When you look at the serverless world, you will see a lot of benefits such as reduced labor cost, reduced risk, reduced resource cost, and increased flexibility of scaling. These benefits don’t come free though, we must accept some of the cons too, for example debugging, cold starts, or vendor lock-in, etc…
We should be aware of this is a new era of infrastructure and it’s slowly maturing. Let’s think about developing a project. When you start coding, I guess that the most important part will be about debugging it. For this reason, we should be feeling free to debug it :) But debugging serverless is very difficult as it is with any distributed application.
Nevertheless, how hard the thorny problems are, there is a solution for them. I had seen the Thundra on a tweet and it looked like a very cool solution for remote debugging even for the serverless world. Today I will try to demonstrate how you can use it easily. This demonstration will be part of the online debugging side.
Firstly you should register to https://www.thundra.io, afterwards, you will be getting a token for debugging. You can also take the token using the Settings page. It will look as below picture.
You have to install a debugger plugin called Debugger for AWS Lambda. I am using IntelliJ but there is one more plugin option for VSCode.
As I mentioned before, you should take a token. This token will be able to ensure connecting to Thundra Broker Host in order to start the debug process remotely. Let’s see it.
After all these configurations are done, we should get to the AWS Lambda Console. We should add some configurations to the console too.
The first one is about custom runtime. The AWS gives us a chance for custom runtime. We can add it as a layer.
The version ARN is supported by Thundra Team. I didn’t deep dive into custom runtime but It maybe adding some environment variables onto custom runtime to open remote debugging or being used JDI over JPDA.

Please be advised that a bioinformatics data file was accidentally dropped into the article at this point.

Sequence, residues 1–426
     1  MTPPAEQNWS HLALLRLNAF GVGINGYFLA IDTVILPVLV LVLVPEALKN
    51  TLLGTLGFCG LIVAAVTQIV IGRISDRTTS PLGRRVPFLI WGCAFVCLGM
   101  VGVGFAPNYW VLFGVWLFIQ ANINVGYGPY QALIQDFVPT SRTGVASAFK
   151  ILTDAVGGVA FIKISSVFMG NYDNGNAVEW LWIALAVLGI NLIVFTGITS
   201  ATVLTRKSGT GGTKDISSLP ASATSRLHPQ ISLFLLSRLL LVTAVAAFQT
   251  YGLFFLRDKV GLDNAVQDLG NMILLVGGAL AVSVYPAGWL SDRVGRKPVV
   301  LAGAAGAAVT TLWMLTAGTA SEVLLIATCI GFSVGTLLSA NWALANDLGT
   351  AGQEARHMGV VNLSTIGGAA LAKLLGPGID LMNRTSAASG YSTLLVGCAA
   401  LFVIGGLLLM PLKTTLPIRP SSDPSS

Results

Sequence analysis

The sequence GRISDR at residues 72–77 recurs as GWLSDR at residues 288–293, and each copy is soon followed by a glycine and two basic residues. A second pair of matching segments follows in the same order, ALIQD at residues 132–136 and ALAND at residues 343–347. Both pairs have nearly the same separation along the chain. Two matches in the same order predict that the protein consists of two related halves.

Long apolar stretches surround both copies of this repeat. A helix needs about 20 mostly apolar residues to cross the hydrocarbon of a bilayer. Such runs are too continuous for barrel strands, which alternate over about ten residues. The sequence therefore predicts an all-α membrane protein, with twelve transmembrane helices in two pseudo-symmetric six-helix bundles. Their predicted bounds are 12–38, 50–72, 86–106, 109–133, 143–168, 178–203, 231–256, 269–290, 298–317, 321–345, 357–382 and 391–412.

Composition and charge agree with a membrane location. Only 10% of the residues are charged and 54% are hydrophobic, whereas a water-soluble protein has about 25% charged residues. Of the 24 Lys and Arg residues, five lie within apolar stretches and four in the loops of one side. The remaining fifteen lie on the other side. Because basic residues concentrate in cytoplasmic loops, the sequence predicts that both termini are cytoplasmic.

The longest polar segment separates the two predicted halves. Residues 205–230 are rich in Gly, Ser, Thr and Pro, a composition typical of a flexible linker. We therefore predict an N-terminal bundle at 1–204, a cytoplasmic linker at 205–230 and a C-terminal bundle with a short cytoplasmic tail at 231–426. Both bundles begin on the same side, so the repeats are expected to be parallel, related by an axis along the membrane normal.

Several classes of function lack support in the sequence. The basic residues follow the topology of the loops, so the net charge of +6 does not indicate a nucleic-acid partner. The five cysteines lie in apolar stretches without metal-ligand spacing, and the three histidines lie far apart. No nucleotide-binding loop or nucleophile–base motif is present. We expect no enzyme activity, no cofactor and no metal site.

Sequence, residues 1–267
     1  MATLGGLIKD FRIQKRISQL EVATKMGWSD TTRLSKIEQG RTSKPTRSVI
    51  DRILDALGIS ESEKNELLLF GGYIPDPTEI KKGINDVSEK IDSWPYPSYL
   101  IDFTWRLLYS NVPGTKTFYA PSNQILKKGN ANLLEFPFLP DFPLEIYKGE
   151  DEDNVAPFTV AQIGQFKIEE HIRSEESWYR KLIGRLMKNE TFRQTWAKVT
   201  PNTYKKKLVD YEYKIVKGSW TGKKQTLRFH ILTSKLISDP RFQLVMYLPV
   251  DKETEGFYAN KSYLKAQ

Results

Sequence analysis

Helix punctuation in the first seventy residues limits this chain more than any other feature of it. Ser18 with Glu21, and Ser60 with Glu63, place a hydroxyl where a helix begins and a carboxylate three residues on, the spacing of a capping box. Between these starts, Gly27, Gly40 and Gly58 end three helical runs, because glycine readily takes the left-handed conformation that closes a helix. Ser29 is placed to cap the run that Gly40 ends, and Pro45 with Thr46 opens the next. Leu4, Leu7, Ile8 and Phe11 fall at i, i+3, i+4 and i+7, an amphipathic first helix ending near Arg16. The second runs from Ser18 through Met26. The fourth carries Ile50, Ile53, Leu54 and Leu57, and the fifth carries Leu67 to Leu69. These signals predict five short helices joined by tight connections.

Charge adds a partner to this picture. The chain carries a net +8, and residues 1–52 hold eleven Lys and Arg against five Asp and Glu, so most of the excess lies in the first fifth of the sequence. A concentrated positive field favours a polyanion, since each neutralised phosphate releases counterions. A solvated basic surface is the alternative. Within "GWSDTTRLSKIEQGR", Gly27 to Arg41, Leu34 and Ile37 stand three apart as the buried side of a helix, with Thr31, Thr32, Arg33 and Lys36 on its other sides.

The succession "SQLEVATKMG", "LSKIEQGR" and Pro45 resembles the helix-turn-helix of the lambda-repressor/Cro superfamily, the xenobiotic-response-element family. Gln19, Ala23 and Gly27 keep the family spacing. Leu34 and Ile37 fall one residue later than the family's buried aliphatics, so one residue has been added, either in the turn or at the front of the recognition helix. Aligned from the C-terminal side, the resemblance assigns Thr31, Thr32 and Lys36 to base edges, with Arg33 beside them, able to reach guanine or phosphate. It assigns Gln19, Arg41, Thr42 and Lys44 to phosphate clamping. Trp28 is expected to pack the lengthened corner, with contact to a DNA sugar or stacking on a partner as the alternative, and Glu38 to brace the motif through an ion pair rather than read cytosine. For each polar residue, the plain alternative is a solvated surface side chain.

To use online debugging feature, you need to use Thundra layer version
42or higher and change runtime to
We added custom runtime, now we’re adding token using environment variables on the AWS Lambda Console.
The last part of the configuration is about changing the custom runtime. You can change it using the AWS Lambda Console.
Finally, you can start debugging on the IntelliJ with the pre-configured plugin and push the button called Test on the AWS Lambda Console.
When you face performance issues, you can follow the below information. You should select the region that is close to your application that will improve your performance.
Thundra provides a broker host on Oregon by default. Moreover, we support different broker hosts listed below. You can select and set to
thundra_agent_lambda_debugger_broker_hostenvironment variable to reduce latency during debugging session.
debug.thundra.io (us-west-2 — Oregon)
debug-us-east-1.thundra.io (us-east-1 — N. Virginia)
debug-eu-west-2.thundra.io (eu-west-2 — London)
debug-ap-northeast-1.thundra.io (ap-northeast-1 — Tokyo)
2. The debugging process immediately disconnects
The latency can cause this problem. So you should increase the timeout value of your lambda function. You can do it over the AWS Lambda Console.
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Some useful documentation;
Make sure to increase your function's timeout value when you enable the online debugging for longer debug sessions…